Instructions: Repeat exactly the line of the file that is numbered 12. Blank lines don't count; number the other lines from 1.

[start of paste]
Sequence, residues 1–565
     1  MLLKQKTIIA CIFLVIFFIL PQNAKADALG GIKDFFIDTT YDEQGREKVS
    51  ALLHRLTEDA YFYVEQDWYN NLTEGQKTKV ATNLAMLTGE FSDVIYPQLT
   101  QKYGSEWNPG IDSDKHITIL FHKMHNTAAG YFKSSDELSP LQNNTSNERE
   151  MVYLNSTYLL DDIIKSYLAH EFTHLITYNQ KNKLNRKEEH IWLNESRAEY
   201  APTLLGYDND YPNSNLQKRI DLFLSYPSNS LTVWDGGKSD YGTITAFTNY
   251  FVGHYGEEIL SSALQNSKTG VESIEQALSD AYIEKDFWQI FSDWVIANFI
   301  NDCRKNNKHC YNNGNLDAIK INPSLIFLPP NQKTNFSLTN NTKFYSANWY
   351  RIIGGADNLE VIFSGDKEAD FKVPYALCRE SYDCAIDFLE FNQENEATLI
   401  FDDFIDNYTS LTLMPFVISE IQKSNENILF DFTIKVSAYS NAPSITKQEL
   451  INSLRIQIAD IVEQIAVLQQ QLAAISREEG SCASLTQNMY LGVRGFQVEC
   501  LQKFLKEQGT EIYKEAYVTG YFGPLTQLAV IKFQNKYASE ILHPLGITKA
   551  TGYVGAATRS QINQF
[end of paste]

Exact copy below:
   501  LQKFLKEQGT EIYKEAYVTG YFGPLTQLAV IKFQNKYASE ILHPLGITKA